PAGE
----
November 2, 2017, Adamik filed a motion for supplemental
attorney's fees of $60, 257.20 for post-trial litigation
and appellate mediation. R. 239.
Civil Rights Attorney's Fees Awards Act of 1976 provides
that a district court, “in its discretion, may allow
the prevailing party . . . a reasonable attorney's
fee” in suits brought under certain federal civil
rights statutes, including 42 U.S.C. § 1983. 42 U.S.C.
§ 1988(b). “[A] prevailing plaintiff should
ordinarily recover an attorney's fee unless special
circumstances would render such an award unjust.”
Hensley v. Eckerhart, 461 U.S. 424, 429 (1983). The
parties agree that Adamik is a prevailing party in this case.
view of [its] superior understanding of the litigation,
” this Court has considerable “discretion in
determining the amount of a fee award.” Id. at
437. The “starting point for determining the amount of
a reasonable fee is the number of hours reasonably expended
on the litigation multiplied by a reasonable hourly
rate.” Id. at 433. This calculation is
commonly known as the “lodestar.” E.g.,
Pickett v. Sheridan Health Care Ctr., 664 F.3d 632,
639 (7th Cir. 2011). “The party seeking an award of
fees” has the initial burden to “submit evidence
supporting the hours worked and rates claimed” in
support of the lodestar. Hensley, 461 U.S. at 433.
“[T]here is a strong presumption that the lodestar
figure is reasonable.” Perdue v. Kenny A., 559
U.S. 542, 554 (2010). That presumption can be overcome
“in those rare circumstances in which the lodestar does
not adequately take into account a factor that may properly
be considered in determining a fee.” Id.
fee petition seeks $415, 143.30 in fees incurred through the
conclusion of trial. The Court first addresses the
appropriate lodestar calculation, including the
reasonableness of the hourly rates claimed and the hours
totals. Second, the Court addresses defendants' argument
for an overall reduction of the lodestar based on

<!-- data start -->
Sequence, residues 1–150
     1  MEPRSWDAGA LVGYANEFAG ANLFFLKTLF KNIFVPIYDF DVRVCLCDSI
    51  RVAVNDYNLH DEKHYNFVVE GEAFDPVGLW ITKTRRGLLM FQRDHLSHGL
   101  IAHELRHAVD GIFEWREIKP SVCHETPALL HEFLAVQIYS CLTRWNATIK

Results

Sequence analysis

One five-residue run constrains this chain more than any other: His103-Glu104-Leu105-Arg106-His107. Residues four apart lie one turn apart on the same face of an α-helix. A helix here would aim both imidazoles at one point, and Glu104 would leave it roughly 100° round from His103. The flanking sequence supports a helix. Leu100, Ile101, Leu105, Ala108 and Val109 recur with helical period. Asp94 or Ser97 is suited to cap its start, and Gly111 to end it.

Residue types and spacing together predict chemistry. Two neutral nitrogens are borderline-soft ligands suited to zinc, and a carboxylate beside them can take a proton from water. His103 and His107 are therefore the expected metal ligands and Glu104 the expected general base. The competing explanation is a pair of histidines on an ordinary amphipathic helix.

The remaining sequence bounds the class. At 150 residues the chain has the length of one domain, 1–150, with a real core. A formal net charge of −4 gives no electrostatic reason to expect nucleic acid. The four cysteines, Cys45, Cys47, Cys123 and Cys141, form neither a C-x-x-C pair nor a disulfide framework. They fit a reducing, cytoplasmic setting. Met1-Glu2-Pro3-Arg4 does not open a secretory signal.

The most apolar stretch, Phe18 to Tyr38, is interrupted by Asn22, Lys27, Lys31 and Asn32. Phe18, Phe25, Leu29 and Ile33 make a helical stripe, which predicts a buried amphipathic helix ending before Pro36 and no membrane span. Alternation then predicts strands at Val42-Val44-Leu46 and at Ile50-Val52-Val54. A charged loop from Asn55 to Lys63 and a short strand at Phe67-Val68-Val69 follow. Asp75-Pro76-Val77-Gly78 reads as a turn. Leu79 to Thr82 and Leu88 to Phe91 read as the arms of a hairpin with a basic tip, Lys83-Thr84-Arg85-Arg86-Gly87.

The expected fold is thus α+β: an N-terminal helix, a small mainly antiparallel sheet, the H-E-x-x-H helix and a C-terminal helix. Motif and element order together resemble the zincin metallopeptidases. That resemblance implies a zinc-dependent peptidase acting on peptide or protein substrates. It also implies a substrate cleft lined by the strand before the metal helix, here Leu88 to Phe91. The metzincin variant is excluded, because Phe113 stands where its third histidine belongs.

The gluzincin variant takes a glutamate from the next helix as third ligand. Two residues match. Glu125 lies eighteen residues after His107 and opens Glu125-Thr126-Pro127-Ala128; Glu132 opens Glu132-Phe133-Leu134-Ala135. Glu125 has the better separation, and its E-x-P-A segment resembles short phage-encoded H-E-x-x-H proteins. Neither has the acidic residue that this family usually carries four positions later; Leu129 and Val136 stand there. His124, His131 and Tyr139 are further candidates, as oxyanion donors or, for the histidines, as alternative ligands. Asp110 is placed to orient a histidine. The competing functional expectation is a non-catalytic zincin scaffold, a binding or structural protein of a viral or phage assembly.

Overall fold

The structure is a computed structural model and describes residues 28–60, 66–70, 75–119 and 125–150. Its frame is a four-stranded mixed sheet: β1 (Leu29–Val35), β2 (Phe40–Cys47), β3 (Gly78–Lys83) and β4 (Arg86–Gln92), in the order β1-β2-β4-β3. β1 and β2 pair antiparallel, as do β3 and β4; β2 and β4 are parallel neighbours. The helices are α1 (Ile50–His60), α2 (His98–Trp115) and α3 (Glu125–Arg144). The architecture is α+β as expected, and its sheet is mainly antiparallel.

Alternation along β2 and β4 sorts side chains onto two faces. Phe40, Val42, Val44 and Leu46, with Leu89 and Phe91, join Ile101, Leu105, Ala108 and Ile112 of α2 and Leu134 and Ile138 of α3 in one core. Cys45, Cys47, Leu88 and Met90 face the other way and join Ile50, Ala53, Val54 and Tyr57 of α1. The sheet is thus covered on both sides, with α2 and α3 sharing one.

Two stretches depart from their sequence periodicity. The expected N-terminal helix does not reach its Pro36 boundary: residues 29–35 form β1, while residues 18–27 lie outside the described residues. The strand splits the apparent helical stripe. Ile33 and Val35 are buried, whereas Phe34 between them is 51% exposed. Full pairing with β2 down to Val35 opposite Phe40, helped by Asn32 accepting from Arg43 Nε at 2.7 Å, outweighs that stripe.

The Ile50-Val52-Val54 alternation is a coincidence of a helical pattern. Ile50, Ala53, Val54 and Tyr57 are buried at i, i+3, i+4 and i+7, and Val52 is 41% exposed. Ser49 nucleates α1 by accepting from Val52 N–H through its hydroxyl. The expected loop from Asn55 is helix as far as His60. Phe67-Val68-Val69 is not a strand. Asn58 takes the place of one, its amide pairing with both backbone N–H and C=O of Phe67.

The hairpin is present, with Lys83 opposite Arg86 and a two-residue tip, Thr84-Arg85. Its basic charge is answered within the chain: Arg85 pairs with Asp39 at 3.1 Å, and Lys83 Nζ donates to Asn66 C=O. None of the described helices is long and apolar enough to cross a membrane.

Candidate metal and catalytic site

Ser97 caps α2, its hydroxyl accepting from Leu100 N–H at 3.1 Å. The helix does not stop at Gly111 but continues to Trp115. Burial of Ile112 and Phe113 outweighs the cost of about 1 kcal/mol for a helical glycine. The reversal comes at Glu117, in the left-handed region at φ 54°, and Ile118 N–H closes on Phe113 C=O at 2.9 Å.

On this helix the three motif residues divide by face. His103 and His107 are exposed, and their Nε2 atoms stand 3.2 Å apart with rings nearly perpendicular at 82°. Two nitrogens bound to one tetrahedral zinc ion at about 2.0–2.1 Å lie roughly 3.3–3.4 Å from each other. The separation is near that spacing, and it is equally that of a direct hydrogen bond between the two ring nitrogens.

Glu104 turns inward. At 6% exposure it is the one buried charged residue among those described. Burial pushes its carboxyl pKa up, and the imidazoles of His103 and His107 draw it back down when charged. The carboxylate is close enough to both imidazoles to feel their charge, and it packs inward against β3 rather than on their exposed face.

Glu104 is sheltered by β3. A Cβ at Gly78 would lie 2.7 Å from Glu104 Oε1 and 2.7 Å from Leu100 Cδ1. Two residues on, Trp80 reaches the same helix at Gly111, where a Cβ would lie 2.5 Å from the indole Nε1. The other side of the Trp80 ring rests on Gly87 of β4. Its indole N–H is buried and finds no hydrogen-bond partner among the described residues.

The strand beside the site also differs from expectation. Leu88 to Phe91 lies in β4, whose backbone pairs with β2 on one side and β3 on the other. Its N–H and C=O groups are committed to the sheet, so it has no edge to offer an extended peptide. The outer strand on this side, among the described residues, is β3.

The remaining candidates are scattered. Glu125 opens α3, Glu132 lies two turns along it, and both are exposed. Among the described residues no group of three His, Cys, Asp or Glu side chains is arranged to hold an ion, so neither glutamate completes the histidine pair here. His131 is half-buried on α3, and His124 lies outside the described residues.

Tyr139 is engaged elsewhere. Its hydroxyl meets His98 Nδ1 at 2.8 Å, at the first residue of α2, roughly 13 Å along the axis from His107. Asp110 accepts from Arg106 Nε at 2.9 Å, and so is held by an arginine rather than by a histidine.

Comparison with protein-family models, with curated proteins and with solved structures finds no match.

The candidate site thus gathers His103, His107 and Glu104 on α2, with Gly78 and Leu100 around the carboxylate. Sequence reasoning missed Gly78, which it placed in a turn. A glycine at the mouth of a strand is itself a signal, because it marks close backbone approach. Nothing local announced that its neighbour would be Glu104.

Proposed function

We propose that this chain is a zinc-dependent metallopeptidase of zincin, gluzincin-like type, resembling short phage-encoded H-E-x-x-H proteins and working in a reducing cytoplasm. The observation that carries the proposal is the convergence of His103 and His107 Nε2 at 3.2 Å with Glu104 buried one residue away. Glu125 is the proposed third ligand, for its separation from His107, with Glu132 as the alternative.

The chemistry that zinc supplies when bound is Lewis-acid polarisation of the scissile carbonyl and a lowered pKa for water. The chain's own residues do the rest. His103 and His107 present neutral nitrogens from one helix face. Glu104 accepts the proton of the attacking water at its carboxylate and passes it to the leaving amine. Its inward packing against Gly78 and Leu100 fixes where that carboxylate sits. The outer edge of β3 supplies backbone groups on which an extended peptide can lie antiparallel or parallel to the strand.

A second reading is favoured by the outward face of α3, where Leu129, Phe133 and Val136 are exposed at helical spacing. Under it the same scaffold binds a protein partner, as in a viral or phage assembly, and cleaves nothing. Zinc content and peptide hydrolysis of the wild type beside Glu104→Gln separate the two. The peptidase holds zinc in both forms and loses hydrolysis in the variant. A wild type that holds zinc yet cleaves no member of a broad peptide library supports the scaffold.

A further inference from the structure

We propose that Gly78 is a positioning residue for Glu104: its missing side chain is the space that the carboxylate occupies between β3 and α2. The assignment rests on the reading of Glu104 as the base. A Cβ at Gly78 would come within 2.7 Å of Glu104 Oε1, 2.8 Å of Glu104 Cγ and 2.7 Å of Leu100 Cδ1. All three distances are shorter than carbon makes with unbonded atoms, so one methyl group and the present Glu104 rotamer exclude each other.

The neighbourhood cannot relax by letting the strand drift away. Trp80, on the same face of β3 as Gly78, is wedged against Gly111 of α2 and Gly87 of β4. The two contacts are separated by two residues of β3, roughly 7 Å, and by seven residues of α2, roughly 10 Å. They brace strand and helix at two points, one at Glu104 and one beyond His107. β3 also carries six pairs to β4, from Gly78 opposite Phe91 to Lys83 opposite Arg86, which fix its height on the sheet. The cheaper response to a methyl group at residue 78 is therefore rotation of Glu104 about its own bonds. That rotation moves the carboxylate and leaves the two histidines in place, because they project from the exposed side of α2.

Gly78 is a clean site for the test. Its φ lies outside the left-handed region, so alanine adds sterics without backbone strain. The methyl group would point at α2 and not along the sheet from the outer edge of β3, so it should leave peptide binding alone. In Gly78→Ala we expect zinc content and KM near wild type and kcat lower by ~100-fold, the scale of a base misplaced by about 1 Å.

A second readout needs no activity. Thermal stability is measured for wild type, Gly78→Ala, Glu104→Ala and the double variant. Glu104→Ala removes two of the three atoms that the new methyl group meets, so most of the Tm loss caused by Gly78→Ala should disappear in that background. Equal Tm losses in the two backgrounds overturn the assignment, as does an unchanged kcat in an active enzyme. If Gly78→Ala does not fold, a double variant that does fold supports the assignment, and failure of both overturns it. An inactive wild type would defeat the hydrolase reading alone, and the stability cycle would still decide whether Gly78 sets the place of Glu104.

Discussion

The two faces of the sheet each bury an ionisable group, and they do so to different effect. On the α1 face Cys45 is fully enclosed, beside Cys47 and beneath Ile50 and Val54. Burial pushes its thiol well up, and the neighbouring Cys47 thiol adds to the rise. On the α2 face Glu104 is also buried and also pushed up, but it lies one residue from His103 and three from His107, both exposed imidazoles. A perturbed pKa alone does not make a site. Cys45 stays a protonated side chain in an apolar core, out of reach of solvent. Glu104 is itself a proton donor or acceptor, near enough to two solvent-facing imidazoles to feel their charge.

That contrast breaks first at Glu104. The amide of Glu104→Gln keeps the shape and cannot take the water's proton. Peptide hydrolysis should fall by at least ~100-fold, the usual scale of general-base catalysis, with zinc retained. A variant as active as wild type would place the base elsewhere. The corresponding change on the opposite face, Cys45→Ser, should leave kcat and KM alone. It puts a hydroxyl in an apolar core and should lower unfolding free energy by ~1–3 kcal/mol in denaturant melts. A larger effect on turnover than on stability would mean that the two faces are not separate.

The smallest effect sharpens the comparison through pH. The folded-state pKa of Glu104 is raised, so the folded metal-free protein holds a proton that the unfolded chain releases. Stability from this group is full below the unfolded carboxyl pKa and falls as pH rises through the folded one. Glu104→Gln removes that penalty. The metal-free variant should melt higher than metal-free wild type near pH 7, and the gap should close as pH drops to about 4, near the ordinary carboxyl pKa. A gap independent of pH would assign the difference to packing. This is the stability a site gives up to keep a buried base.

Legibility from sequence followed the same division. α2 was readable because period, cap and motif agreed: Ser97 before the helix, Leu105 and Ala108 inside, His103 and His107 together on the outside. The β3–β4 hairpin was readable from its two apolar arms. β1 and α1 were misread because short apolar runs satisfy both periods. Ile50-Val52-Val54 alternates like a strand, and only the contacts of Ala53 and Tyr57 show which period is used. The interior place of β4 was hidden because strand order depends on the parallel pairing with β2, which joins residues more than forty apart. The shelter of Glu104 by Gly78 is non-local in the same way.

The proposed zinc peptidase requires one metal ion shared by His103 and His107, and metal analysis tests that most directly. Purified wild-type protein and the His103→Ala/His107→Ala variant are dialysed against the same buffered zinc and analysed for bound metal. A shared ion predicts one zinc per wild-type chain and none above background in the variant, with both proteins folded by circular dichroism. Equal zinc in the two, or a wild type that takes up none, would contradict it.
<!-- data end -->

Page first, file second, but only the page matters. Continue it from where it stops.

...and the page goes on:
Adamik's degree of success. Third, the Court addresses
Adamik's request for prejudgment interest. Fourth, the
Court addresses Adamik's motion to supplement his
attorney's fees petition to obtain $60, 257.20 for
post-trial litigation and appellate mediation.
hourly rate component of the lodestar “must be based on
the market rate for the attorney's work.”
Gautreaux v. Chicago Hous. Auth., 491 F.3d 649, 659
(7th Cir. 2007). “The market rate is the rate that
lawyers of similar ability and experience in the community
normally charge their paying clients for the type of work in
question.” Id. “[O]nce an attorney
provides evidence establishing [the] market rate, the
opposing party has the burden of demonstrating why a lower
rate should be awarded.” Id. at 659-60.
counsel Edward Genson originally sought a rate of $700 per
hour, but he reduced the rate sought to $550 per hour in
Adamik's reply brief. R. 199 at 2. In support of his
requested rate, Genson attaches an affidavit setting forth
his general academic background and legal honors. R. 191-4.
Genson also attaches a client engagement letter (submitted to
the Court in hard copy only to preserve confidentiality)
offering Genson's legal services at an hourly rate of
$775, but not describing the kind of work performed.
See R. 191 at 18. And Genson attaches an affidavit
from Jon Loevy, a prominent civil rights attorney in Chicago,
attesting to Genson's national reputation, Loevy's
own rates of $495-$505 per hour awarded in civil rights
litigation, and other attorneys' rates in various sorts
of high-profile litigation. R. 191-5.
do not dispute that Mr. Genson is a nationally renowned
criminal defense attorney, ” but they contest his
requested rate because it is higher than Loevy's awarded